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DVD Review: ‘Jazz Icons 5’ Boxed Set

Coltrane, Blakey, Hubbard, Monk, Kirk and Griffin in sizzling historic performances

Freddie Hubbard
Johnny Griffin
John Coltrane [photo credit: Roy Thompson]
Art Blakey
Jazz Icons 5

By contemporary standards, the film of John Coltrane performing at the Antibes Jazz Festival in France in July 1965 is subpar: black and white, slightly out of focus, amateurish camera angles. The average kid toying with his smartphone can post a higher quality video on YouTube.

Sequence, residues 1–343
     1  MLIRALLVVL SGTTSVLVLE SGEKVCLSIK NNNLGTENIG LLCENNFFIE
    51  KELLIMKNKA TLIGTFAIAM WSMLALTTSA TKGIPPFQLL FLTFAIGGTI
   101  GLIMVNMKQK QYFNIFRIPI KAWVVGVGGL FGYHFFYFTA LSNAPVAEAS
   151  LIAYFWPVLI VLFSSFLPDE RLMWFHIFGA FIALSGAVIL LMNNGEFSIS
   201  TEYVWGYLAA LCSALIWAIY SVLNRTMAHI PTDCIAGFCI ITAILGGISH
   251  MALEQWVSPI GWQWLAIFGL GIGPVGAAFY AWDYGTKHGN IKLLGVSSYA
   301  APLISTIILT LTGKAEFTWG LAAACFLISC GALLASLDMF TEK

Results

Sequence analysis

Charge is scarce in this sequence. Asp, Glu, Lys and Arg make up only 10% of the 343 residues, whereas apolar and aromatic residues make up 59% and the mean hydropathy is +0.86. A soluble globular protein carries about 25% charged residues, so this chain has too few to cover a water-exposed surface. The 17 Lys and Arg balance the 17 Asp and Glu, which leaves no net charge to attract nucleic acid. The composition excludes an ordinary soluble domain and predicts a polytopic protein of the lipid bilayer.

But the hell with contemporary standards. What jazz fan would not be riveted by Coltrane and his classic quartet-Elvin Jones, McCoy Tyner and Jimmy Garrison-in their only known public performance of “A Love Supreme,” Coltrane’s masterpiece? Before they get to it-the group saved the suite for last-the quartet is already on fire, offering thrilling run-throughs of “Naima,” “Ascension” and “Impressions,” three pieces that show how far they’d traveled in their five years together. Coltrane, eyes shut and seemingly possessed, his body rocking back and forth, is in the zone, reaching upward and outward, leaving convention far behind. In an extended sequence during “Ascension,” the camera darts from close-ups of Coltrane’s sweaty, pained face to his hands, his fingers a blur as his solo accelerates. Although we only catch the occasional glimpse of the others in the band-thankfully, the cameras do allow us to watch Garrison’s spellbinding arco intro to “Impressions”-they are right there with him all along.

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